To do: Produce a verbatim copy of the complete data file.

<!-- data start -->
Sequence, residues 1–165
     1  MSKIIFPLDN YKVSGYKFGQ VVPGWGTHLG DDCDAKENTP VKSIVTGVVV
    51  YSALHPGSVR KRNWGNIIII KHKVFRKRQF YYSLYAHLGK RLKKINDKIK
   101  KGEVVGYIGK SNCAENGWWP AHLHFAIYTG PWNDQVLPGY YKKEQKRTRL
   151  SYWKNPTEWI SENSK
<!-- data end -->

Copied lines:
Sequence, residues 1–165
     1  MSKIIFPLDN YKVSGYKFGQ VVPGWGTHLG DDCDAKENTP VKSIVTGVVV
    51  YSALHPGSVR KRNWGNIIII KHKVFRKRQF YYSLYAHLGK RLKKINDKIK
   101  KGEVVGYIGK SNCAENGWWP AHLHFAIYTG PWNDQVLPGY YKKEQKRTRL
   151  SYWKNPTEWI SENSK